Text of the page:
How Canada Got Tough on Guns

How Canada Got Tough on Guns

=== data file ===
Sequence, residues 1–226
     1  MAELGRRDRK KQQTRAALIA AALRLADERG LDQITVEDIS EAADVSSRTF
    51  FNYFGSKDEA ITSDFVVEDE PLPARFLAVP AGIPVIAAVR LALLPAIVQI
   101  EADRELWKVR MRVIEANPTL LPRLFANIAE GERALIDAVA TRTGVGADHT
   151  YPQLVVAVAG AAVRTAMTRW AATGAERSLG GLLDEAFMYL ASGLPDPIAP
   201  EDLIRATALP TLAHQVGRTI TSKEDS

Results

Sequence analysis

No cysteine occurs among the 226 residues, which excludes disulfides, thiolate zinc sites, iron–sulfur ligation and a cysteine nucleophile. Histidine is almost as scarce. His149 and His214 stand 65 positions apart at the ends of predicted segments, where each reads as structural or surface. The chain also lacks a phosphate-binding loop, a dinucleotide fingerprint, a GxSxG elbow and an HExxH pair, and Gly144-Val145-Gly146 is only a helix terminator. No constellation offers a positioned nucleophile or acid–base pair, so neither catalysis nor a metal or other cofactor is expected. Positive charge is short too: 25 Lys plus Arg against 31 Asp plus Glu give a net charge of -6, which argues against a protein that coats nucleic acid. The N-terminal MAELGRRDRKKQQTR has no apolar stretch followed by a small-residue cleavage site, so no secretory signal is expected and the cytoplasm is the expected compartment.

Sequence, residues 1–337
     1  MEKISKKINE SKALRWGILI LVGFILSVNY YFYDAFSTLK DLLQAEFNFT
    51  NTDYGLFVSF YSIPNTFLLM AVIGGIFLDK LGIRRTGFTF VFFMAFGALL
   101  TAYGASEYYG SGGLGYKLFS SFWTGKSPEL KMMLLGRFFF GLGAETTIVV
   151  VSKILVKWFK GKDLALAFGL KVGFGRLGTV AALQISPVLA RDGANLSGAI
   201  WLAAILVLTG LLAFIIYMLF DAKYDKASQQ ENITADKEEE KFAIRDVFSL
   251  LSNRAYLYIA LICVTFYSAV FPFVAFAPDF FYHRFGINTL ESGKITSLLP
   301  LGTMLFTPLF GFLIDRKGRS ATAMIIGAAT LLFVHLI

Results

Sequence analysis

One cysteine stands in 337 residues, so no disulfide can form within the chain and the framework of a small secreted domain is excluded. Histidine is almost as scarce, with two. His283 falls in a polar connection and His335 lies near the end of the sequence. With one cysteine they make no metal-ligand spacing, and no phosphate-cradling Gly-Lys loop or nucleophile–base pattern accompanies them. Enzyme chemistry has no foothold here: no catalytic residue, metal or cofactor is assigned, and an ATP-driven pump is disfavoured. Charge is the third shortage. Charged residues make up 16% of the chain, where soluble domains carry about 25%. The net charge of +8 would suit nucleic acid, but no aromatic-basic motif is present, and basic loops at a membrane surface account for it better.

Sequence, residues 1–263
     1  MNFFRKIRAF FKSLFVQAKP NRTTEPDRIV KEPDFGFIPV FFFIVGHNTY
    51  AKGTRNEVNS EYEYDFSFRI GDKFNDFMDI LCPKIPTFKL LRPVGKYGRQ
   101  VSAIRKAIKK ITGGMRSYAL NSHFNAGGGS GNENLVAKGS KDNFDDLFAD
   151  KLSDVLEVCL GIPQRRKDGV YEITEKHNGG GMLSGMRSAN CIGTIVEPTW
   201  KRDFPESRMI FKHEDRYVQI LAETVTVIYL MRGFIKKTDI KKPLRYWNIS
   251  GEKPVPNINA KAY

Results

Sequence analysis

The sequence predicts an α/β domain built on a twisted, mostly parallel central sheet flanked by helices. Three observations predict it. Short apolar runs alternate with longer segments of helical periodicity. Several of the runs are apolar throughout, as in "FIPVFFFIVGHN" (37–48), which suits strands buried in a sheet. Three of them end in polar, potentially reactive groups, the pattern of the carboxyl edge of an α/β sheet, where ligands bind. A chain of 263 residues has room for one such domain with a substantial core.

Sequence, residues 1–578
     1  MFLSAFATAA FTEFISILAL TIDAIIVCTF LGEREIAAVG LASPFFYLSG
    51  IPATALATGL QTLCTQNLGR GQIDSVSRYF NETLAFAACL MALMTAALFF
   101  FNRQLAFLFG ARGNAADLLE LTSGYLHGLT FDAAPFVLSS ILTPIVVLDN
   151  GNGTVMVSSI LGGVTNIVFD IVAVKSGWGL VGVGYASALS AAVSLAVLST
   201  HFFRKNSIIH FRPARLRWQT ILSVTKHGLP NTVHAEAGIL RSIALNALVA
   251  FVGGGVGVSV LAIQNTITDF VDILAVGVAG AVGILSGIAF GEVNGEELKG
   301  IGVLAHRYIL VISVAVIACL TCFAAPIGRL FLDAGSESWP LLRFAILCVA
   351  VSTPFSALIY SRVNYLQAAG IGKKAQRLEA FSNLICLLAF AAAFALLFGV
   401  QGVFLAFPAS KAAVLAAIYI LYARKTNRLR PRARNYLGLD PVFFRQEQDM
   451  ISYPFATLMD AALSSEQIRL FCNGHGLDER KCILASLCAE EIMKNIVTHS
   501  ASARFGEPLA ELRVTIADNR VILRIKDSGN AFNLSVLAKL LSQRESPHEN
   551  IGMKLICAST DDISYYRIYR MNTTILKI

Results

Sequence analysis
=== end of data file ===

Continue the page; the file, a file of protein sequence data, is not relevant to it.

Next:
MONTREAL—Less than two weeks after a gunman went on a rampage in Canada’s eastern province of Nova Scotia, killing 22 people in the deadliest mass shooting in the country’s modern history, Prime Minister Justin Trudeau made a long-awaited announcement: His government would ban “assault-style” firearms in Canada—a demand gun control advocates had spent decades pushing for. On May 1, Trudeau enacted new regulations to ban the use, sale, and import of more than 1,500 models of firearms and their components. “Canadians deserve more than thoughts and prayers,” Trudeau said , echoing the fatalistic refrain of many U.S. politicians after every mass shooting. “These weapons were designed for one purpose and one purpose only: to kill the largest number of people in the shortest amount of time. There is no use and no place for such weapons in Canada.” Canada’s assault weapons ban could nevertheless provide a lesson about what it takes to get gun control measures enacted Canada is by no means an anti-gun country. On the contrary, according to the Small Arms Survey, a Geneva-based research project, there were 12.7 million legal and illicit firearms in civilian hands in Canada in 2017, or 34.7 firearms per 100 residents—the fifth highest rate in the world. In 2018, nearly 2.2 million people had licensed firearms in Canada, with Ontario and Quebec leading the list of provinces and territories. As with all gun-related policies, the response was swift and divided: Gun rights groups lambasted Ottawa for what it called its “ […]

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